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60 Hikes within 60 Miles: Richmond details sixty of the area's best trails, most of which are within an hour's drive of historic Richmond. Choose among short and long hikes, hikes for children and for dogs, hikes for birding, for wildflowers and for waterfalls, historic and scenic hikes, and many others. 60 Hikes within 60 Miles: Richmond provides you with the information you need to choose the perfect day hike, including trail lengths, hiking times, and trail difficulty.
Carefully researched on foot, hiking enthusiast Jordan Summers introduces area residents and visitors to an array of the best day hikes from casual riverside nature hikes to rugged foothill treks within roughly an hour's drive of Sacramento.Filled with detailed descriptions of firsthand trail notes, this newly updated edition of 60 Hikes Within 60 Miles: Sacramento helps hikers discover their choices with concise at-a-glance information highlighting details such as location, access, directions, distances, scenery, and preparation details that help hikers get the most from each outing. Precise maps, descriptive text, photos, and trailhead coordinates guide you on your way quickly and keep you on route reliably. Discover the varied geology, the cultural history, and the natural beauty of the foothills, mother lode, and delta regions in 60 Hikes Within 60 Miles: Sacramento.
60 Hikes Within 60 Miles: Salt Lake City is the only guidebook that pinpoints the most exceptional hikes in the area. It contains meticulous trail descriptions that range from comfortable strolls for families to difficult treks for those looking for a challenging workout. Extensive key-at-a-glance information makes it easier to choose a hike based on length, difficulty, or scenery. A helpful list of hikes in the front of the book highlights those with special interests - best hikes for children, scenic hikes, hikes good for wildlife viewing, best hikes for runners, and more. Each hike report includes commentary on trailside geology, flowers, and wildlife. Historical notes provide fascinating details about early miners, trailblazers, the Pony Express, and Mormon pioneers.Nestled in the western flank of the Rockies, Salt Lake City provides ready access to a stunning array of hiking options amid alpine lakes, snow-draped mountain peaks, fragrant evergreen forests, deep canyon waterfalls, granite towers, and flowered cirques. Within 60 miles of Salt Lake City there are thousands of square miles of national forest, National Wilderness Areas, state parks and designated recreation areas to explore.Now, with this updated edition of 60 Hikes within 60 Miles: Salt Lake City, whether lacing up boots, stepping into sneakers or strapping on snowshoes, Salt Lake City is even more accessible for hikers.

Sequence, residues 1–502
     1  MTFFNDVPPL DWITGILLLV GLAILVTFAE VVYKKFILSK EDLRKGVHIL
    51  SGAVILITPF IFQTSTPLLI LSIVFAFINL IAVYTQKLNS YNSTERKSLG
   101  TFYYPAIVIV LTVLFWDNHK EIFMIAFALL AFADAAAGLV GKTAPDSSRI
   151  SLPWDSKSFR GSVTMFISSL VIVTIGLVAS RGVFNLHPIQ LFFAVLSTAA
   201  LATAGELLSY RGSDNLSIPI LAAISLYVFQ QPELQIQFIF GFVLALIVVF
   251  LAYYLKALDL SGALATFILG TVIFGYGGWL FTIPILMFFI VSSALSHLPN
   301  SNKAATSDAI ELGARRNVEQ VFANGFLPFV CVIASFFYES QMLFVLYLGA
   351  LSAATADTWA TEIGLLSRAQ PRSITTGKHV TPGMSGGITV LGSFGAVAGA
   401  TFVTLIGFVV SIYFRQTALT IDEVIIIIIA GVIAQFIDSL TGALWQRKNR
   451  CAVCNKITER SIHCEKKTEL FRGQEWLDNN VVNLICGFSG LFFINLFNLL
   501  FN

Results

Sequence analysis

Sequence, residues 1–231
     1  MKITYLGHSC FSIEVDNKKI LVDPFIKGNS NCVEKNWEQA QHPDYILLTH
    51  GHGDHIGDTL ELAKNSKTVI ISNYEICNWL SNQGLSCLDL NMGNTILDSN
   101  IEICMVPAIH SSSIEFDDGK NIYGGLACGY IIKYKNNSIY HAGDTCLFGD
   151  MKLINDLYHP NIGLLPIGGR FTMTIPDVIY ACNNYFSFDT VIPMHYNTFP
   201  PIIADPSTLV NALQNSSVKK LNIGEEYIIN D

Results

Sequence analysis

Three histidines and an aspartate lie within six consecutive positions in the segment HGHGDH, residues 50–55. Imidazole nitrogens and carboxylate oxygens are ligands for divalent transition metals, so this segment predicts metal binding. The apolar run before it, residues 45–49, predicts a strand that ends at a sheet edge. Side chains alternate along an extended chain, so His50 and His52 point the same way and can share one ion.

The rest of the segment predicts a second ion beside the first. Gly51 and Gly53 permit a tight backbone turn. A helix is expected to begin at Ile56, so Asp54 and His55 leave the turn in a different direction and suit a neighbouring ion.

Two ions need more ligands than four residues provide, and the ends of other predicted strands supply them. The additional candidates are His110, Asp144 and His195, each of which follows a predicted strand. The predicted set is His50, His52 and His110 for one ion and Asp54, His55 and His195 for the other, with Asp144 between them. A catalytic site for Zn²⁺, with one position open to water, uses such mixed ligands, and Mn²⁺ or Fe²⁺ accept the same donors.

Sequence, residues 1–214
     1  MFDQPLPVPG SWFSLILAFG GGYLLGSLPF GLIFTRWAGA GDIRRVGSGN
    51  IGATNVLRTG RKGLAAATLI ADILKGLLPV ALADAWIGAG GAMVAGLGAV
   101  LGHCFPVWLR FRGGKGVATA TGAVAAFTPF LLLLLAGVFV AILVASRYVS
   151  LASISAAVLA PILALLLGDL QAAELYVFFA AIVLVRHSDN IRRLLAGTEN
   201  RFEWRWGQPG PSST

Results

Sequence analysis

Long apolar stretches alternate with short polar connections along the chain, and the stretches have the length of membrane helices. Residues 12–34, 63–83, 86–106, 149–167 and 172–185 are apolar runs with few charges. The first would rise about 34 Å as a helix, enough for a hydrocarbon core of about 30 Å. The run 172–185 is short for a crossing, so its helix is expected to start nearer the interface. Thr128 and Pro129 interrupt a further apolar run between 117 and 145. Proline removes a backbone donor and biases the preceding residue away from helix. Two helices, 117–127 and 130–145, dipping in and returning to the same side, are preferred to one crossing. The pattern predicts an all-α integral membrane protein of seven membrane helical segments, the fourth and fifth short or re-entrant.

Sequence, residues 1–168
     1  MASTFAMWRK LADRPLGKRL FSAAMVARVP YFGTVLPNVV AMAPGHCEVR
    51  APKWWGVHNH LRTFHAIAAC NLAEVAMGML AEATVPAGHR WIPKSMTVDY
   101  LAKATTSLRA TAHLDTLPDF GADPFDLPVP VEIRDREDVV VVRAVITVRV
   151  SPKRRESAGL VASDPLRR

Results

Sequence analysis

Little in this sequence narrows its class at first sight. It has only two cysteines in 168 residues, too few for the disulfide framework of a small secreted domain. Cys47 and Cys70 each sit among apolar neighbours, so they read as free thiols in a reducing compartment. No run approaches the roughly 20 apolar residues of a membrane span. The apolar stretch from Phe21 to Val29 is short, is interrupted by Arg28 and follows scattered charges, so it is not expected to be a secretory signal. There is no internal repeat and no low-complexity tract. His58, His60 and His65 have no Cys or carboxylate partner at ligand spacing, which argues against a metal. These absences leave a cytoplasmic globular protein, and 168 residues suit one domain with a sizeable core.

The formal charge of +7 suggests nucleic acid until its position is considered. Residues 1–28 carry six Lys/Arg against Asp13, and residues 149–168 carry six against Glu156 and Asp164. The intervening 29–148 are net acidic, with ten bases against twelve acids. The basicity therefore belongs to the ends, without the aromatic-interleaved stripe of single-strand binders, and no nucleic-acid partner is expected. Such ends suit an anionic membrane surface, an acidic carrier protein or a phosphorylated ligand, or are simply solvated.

The San Antonio area is perhaps the most picturesque spot for hiking in the Lone Star State. With this new edition in the best-selling 60 Hikes Within 60 Miles series, all these visually stunning and ruggedly charming routes are at the traveler's fingertips. This handy guide helps San Antonio and Austin natives get back into nature without going out of town. Extensive at-a-glance information makes it easy to choose the perfect hike based on length, difficulty, scenery, or on a specific factor such as hikes good for families, runners, or birding. Each trail profile includes maps, directions, driving times, nearby attractions, and other pertinent details.
Bounded by San Diego Bay and the Pacific coastline to the west, the Santa Rosa Mountains to the east, Mexico to the south, and the lower reaches of the Los Angeles metro area to the north, the 60-mile radius beyond San Diego creates a dramatic wedge of extraordinary natural beauty. Author Sheri McGregor shows hikers, experienced or novice, how to make the most of the many possibilities here.